I think the most disappointing thing about getting sober for me came when I figured out that it was a program from which I was not going to graduate. Coming from a family of educators and loving school myself, I was somewhat of an overachiever.
Okay, an extreme overachiever. I had to be the best. Get the highest grade. Succeed. Graduate with honors. A–plus.
When I got sober, I got a sponsor and started to work the steps. I was hooked.
I went to work. Writing everything I could think of to tell my sponsor. Pages and pages of truth I wouldn’t tell anyone else. Ready. I was ready for the grade. Ready for my sponsor to tell me that I had passed—gotten the A–plus—succeeded.
We spent several hours going through this together—I cried, I told the truth, I said everything. I looked at my sponsor and said, “How’d I do?” waiting for the stamp of approval and the A–plus.
And she said with a knowing smile, “Oh, there’s more.”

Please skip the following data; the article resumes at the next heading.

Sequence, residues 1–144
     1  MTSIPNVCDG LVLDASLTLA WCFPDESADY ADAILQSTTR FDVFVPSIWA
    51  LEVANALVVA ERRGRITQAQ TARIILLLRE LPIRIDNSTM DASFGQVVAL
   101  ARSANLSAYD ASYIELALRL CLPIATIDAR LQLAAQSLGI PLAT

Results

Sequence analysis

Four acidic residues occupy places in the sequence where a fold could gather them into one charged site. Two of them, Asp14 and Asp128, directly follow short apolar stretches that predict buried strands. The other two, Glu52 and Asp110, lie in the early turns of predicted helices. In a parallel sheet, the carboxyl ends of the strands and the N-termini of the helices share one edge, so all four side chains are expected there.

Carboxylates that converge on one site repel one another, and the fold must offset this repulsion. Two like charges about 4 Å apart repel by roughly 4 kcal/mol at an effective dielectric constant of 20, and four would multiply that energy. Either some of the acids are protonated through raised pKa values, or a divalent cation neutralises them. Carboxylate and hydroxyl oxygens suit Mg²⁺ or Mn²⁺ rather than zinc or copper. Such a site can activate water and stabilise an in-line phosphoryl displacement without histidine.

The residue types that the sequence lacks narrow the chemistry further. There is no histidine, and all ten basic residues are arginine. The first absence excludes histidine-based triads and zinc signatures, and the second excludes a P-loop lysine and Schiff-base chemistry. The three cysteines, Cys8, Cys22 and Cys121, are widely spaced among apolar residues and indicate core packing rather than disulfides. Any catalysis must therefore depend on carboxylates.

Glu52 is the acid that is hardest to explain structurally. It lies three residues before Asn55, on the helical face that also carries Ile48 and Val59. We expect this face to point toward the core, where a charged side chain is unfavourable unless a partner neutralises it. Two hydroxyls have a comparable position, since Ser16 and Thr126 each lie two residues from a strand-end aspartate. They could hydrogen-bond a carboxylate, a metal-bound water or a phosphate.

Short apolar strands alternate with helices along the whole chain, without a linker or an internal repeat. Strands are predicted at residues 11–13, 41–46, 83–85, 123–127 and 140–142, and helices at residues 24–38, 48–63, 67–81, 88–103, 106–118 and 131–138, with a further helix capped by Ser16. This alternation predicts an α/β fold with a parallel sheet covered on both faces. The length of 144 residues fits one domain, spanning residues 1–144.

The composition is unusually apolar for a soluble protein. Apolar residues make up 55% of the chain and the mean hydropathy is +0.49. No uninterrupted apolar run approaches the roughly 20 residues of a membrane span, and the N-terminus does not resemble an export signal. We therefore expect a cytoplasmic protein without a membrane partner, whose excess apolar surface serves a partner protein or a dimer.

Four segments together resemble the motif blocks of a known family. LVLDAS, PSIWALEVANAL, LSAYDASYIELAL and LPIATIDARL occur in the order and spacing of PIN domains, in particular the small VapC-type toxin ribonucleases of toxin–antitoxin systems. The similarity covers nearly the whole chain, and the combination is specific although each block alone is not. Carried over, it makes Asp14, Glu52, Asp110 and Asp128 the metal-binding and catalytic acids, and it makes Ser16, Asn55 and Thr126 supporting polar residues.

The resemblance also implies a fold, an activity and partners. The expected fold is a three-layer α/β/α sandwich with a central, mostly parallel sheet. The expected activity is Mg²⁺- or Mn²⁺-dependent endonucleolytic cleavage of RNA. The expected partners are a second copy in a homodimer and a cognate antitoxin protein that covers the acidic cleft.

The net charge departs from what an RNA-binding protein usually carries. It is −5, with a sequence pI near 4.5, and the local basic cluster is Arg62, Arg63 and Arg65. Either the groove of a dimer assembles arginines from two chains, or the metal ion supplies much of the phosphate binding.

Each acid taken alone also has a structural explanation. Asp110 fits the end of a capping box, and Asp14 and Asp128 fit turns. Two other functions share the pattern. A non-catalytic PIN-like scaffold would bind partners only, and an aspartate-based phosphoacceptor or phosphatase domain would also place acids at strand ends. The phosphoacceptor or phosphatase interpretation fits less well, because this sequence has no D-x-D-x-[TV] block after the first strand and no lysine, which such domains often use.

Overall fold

What? I was mad. She might as well have given me an F–minus! It took me several weeks to figure out that I was not going to graduate from this program. When I got that, it was the most comforting feeling ever. I didn’t need the grade. There is no right or wrong answer. No cap and gown—just safety. A place to go and always tell the truth and be accepted no matter where I was in the process of “there’s more.”
I was growing up. I was going to make this program part of my daily life and study myself for as long as I would live. I need to continue to look at myself, and God will continue to reveal (peel away the layers) what I need to know on a daily basis when I look at it and become willing to change.
There is always more.
“For there is nothing hidden that will not be disclosed, and nothing concealed that will not be known or brought out into the open.”
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